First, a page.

A levy will be imposed on credit unions to create a €30m stabilisation fund over the next six years.
The Government has launched a consultation phase with credit unions until April 28 before it finalises a new regulatory regime for the sector. The aim is to set up a stabilisation scheme that includes steps to amalgamate or close credit unions that are considered not viable.
There are 390 Irish credit unions. Of these 195 have assets of less than €20m; 167 have asset of between €20m-€100m; and 28 have assets of over €100m. There are 20 credit unions with a total deficit of €11m.
The sector was hit badly by the credit boom. Reckless lending forced the closure of Newbridge credit union last December and the ongoing consolidation of other credit unions. Loan arrears across all credit unions is running at €871m, although the current level of provisions exceeds potential losses.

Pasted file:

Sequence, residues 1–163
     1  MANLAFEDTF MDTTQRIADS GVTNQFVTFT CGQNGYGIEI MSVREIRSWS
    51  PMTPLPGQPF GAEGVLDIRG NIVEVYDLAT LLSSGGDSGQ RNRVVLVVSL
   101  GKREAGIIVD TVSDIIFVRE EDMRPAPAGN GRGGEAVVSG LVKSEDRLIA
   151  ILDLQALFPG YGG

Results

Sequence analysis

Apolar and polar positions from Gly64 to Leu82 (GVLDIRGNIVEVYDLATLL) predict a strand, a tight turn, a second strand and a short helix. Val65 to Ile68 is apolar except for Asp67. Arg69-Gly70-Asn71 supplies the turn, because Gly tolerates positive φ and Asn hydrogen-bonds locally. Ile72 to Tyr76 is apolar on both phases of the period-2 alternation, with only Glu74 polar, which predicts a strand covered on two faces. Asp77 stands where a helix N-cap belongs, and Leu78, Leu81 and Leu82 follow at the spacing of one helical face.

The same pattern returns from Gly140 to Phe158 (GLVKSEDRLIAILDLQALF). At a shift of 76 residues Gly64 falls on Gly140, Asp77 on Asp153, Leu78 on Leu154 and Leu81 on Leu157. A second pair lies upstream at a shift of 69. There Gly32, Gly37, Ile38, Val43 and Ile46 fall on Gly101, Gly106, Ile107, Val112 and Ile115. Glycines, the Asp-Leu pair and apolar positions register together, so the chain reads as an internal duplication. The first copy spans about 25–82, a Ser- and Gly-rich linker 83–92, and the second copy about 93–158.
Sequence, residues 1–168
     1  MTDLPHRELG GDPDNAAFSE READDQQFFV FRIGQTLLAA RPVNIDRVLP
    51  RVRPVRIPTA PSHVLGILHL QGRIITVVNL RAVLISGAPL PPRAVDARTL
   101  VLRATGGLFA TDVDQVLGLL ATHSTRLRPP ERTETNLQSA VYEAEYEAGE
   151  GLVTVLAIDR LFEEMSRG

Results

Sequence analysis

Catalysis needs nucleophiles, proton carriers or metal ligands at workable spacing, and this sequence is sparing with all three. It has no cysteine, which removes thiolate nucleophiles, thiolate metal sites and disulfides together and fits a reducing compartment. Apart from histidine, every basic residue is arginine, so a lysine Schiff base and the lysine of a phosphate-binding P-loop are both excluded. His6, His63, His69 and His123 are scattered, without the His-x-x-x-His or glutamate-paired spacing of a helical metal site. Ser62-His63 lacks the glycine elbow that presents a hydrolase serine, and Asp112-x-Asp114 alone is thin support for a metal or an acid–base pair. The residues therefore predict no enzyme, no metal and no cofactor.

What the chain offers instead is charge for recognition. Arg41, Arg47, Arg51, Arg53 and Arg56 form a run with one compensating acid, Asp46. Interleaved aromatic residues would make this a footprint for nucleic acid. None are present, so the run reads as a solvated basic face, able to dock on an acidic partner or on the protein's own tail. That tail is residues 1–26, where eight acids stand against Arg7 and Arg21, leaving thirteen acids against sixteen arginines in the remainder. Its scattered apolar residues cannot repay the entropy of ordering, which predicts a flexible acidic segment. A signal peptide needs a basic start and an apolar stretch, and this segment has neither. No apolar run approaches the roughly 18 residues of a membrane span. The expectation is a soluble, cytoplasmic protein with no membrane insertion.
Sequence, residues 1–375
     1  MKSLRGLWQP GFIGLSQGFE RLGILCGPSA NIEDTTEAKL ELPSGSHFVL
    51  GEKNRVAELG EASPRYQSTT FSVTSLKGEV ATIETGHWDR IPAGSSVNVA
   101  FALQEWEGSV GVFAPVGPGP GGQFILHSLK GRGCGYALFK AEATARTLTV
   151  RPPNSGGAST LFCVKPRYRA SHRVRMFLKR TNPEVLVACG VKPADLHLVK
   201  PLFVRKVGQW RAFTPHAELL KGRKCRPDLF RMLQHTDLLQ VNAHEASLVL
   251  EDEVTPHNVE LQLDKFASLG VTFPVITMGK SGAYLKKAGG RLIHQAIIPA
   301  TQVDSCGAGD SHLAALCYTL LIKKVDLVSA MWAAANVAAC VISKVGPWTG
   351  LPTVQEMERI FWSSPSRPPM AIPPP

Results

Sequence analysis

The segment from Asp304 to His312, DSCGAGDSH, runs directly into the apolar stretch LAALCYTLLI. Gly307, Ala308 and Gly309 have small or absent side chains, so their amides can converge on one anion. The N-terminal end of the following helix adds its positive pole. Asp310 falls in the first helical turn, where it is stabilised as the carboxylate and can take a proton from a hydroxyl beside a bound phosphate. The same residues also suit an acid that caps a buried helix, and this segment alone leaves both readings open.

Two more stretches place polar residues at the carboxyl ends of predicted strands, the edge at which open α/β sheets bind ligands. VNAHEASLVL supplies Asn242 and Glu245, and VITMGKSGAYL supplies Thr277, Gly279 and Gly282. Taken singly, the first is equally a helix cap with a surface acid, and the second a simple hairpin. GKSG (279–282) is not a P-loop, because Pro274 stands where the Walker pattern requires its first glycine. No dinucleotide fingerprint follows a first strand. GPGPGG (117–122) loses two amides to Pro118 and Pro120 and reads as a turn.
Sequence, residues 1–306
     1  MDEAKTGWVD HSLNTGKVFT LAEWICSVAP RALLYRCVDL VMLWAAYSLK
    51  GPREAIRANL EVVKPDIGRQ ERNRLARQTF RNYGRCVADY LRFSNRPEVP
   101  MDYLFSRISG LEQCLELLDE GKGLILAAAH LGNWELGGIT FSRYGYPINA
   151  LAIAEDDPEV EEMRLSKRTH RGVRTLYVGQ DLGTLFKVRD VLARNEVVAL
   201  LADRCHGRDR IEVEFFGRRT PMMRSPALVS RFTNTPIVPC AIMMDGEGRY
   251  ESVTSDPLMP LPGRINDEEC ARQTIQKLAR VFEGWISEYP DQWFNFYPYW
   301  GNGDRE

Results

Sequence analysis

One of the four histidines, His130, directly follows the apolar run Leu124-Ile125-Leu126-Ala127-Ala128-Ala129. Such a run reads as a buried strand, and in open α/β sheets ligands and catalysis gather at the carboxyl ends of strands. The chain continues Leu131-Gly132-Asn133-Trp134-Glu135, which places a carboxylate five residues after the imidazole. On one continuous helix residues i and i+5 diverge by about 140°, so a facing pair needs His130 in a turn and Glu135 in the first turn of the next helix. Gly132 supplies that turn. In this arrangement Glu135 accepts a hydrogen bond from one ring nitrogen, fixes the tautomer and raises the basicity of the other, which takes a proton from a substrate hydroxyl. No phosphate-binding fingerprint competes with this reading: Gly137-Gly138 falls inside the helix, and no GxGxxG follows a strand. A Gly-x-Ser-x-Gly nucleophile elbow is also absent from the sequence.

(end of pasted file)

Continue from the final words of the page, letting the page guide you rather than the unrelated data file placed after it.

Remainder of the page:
The consultation process will elicit feedback from credit unions on how best to build up the stabilisation fund. One proposal is that there would be a straight €12,500 yearly fee applied across all credit unions, which would be the equivalent of two average loans. The alternative is to base the levy on the size of assets. The contributions will come out of credit union profits.
All credit unions will be required to hold reserves equal to 10% of total assets. In order to be eligible to tap the stabilisation fund a credit union must have minimum reserves of 7.5% and has to be, in the opinion of the Central Bank, a viable entity.
The other steps available to a struggling credit union include resolution which would involve an orderly wind-down or a restructuring which would involve amalgamation.
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